Some alloy wheels have steel inserts and use the standard wheel nuts. Others have a spinning spacer on the nut/stud. If you use standard nuts on wheels without an insert the nuts will cut through your alloy and it will fall off! As the seller isn't going to need them, make sure you get the original nuts. If they don't have them there are usually sets on ebay. Demon tweeks and Europa spares also sell the more common sizes.

Tell your insurance.

Don't let insurance companies put you off. I have told my insurance every time I have changed the wheels on any of my cars and I have never been charged any extra. However, if you don't tell them and you crash, the insurance company will not pay up as you didn't tell them. No, really, they won't!

Common PCDs

95.25mm MGF and Rover Metro

98mm Alfa Romeo, Fiat, Lada and Lancia

100mm BMW 4 stud, Daihatsu, Honda 4 stud, Kia, Mazda 4 stud, Mitsubishi 4 stud, Nissan 4 stud, Seat, Skoda, Subaru, Renault 4 stud Vauxhall, Toyota 4 stud & VW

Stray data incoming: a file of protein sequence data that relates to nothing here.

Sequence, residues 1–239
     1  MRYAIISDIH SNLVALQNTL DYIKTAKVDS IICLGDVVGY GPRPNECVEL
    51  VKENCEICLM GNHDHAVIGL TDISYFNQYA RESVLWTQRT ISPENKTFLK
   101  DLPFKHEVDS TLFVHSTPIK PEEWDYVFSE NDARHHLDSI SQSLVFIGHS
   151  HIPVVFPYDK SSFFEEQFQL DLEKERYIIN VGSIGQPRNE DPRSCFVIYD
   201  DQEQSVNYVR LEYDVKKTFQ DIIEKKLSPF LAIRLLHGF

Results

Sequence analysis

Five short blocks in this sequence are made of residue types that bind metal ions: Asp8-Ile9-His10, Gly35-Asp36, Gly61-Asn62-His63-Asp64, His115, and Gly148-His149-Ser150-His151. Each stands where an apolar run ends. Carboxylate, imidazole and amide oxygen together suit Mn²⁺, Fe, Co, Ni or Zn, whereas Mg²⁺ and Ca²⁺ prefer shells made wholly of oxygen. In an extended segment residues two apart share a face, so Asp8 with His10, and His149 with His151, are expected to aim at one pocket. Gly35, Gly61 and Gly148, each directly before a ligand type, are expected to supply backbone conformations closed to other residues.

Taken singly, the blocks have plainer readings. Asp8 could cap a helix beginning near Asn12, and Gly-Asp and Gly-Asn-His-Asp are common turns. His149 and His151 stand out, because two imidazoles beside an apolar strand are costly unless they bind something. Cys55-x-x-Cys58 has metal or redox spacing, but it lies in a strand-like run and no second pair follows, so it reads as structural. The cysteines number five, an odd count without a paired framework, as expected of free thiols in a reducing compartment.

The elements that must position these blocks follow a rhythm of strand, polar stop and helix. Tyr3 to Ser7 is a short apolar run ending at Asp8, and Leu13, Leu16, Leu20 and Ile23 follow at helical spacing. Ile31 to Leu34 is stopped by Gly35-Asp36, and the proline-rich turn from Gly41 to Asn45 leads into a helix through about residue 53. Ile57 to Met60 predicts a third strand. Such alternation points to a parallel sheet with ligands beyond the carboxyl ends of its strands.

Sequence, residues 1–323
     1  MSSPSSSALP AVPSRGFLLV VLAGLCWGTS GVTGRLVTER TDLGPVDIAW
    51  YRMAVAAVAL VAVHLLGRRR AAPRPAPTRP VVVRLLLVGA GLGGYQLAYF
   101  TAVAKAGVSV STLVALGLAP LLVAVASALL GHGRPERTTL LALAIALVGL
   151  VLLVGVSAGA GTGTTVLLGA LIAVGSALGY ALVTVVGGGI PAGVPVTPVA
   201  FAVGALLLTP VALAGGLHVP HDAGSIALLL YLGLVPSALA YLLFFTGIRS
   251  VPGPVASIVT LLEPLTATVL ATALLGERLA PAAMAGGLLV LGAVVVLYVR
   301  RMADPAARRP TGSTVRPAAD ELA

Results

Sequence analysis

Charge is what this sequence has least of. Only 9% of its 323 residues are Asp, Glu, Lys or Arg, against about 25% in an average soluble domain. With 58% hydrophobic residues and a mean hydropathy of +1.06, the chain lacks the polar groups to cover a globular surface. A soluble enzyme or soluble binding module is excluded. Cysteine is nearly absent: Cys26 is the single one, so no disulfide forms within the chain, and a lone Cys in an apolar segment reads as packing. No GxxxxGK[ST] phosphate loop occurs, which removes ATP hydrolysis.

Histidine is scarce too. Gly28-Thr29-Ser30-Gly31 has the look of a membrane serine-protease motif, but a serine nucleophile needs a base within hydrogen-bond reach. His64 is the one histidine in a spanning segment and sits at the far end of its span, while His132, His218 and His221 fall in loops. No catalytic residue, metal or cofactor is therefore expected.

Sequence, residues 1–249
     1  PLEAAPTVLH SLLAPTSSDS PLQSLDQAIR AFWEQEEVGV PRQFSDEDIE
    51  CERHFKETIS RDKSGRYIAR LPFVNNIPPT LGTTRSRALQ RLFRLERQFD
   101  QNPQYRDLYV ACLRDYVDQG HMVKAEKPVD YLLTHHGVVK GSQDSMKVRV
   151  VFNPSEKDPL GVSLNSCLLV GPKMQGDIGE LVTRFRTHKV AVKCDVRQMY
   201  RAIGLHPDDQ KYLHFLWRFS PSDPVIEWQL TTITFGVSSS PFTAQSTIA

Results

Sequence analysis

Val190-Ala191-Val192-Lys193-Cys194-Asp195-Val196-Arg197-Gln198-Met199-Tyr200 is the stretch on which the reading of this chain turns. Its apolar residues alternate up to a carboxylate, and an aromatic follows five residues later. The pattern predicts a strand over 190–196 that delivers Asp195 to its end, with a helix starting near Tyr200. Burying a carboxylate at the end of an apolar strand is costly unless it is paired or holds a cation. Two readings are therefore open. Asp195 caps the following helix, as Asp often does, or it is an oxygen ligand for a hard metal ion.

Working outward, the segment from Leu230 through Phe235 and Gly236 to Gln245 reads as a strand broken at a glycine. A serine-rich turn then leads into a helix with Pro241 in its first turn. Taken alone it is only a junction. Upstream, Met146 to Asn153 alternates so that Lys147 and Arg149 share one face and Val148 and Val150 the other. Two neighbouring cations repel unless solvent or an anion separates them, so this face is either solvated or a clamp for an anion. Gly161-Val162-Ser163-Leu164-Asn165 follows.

101mm (4") Mini, MG, Austin Metro

108mm Early Audi 4 stud, Ferrari (5 stud, so don't think you can stick a set of F50 wheels on your Fiesta!), Ford 4 stud, Jaguar X type, Peugeot early Porsche 4 stud, Renault 5 stud, Early Saab, TVR and Volvo

110mm Later Saab and Vauxhall 5 stud

112mm Later Audi, Merc and Ford 5 stud

114.3mm Honda 5 stud, Lexus, Land Rover Freeloader,Mazda 5 stud, Mitsubishi 5 stud, Nissan 5 stud, Rover 600 and 800 and Toyota 5 stud

120mm BMW 5 stud and New Range Rover

120.65mm Jaguar

130mm Porsche 5 stud

139.7mm Isuzu trooper, Mitsubishi 4x4, Nissan 4x4 and Toyota 4x4

160mm Transit